Top Musicians Are Composing Own Curricula

By Valerie Strauss
Washington Post Staff Writer
Monday, December 17, 2007

The problem with music education in U.S. public schools, some musicians say, isn't that there's not enough of it but that there's not enough of the right kind.

That's why Steven Van Zandt, lead guitarist for Bruce Springsteen's E Street Band, is starting what he calls an unprecedented project to change music education in schools across the country through rock-and-roll.

"We had the wonderful opportunity to see rock-and-roll being born, and we grew up with it," said Van Zandt, 57.

"It opened up my intellectual and emotional life," he said on a recent trip to Washington to launch Little Steven's Rock and Roll High School, a music education program designed to trace the history of rock and highlight its cultural impact. "We want to make sure that opportunity is passed along to the next generation and generations to come."

Van Zandt said his program, which is being written with help from the National Association of Music Education, is different from other music programs. Traditional music education emphasizes chorus, marching band and orchestra. His curriculum would teach students about U.S. history through music they appreciate.

"Rock-and-roll is a uniquely American art form," he said. "We receive emotional information as well as intellectual information from it."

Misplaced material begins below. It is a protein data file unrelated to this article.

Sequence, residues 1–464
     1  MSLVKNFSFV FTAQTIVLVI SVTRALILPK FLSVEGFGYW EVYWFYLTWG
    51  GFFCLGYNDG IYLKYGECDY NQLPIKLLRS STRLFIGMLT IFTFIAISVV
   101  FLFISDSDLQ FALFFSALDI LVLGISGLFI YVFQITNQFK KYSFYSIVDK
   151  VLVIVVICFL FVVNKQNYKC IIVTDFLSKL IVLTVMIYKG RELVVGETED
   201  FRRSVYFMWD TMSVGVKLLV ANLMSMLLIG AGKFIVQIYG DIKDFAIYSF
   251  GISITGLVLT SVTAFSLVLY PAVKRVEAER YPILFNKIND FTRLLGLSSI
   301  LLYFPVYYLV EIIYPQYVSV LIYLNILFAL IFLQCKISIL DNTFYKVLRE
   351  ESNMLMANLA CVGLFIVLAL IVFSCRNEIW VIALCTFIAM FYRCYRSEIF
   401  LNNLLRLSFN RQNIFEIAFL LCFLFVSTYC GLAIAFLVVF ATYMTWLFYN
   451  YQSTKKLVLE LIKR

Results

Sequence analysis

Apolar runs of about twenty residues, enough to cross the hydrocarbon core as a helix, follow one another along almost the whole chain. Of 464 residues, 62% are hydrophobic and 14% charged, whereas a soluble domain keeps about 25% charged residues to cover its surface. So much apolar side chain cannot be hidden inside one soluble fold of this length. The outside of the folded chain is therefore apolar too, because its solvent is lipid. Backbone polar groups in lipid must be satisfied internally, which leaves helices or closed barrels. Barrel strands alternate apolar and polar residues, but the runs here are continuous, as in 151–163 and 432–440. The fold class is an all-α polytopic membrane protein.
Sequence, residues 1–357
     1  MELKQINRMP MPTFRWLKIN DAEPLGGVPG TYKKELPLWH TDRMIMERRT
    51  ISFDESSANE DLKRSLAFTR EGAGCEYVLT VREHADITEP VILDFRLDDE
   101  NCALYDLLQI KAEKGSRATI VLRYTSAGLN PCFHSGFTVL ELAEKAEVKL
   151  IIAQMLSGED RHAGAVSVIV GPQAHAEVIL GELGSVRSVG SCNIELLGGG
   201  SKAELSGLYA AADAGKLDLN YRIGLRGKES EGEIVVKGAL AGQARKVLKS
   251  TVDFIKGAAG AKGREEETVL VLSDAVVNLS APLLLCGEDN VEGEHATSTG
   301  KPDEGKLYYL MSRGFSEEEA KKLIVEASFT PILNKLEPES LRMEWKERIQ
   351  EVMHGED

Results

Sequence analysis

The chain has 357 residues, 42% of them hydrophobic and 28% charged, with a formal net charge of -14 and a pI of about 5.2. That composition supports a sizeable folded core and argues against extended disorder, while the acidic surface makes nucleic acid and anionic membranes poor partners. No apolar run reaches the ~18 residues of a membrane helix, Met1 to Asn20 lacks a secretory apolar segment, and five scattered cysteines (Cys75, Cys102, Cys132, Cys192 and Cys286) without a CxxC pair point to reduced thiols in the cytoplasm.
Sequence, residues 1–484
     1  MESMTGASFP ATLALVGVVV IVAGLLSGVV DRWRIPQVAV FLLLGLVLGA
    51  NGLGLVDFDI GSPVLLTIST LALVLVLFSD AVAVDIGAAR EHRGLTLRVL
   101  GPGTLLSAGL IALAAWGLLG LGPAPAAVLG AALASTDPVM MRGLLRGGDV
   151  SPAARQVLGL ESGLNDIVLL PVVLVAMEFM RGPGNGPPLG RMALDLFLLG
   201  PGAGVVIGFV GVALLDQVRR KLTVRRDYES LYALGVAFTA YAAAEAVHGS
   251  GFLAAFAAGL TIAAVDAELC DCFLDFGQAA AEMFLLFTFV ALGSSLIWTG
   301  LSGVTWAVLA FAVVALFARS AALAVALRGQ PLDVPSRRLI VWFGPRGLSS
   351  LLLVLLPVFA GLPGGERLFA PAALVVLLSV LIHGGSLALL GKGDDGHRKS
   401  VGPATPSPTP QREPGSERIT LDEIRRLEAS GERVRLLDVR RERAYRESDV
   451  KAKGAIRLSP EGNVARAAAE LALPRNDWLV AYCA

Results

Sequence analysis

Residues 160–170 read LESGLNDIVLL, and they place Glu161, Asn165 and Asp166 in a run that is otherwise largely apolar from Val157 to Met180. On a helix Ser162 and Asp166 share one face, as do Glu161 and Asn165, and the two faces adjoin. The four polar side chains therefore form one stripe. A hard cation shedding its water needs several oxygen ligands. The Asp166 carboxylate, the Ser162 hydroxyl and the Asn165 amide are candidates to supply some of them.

Music producer Quincy Jones agrees. U.S. students, he said, are rarely taught the history of their own music, adding that Europeans, Japanese and others around the globe "know more about our music than we do."

"Our schools have an obligation," he said. "The culture is the soul of a country, and they aren't teaching the music which has helped mold the culture."

Jones, who created the Quincy Jones Listen Up Foundation, a charity that connects students with technology, education, culture and music, said he would like to see every school in the nation teach students about culture using both music and sociology. They would learn about the history of jazz and blues and how one artist and genre influenced another.

"How did Stravinsky influence Debussy?" said Jones, who also writes a column for the music education magazine Music Alive!

"Who did Debussy influence? What is the difference between classical and other forms of music?"

They would also learn how to play modern forms of music, including hip-hop. "Have a marching band play hip-hop," he said. "Let's experiment."

-- Valerie Strauss

© 2007 The Washington Post Company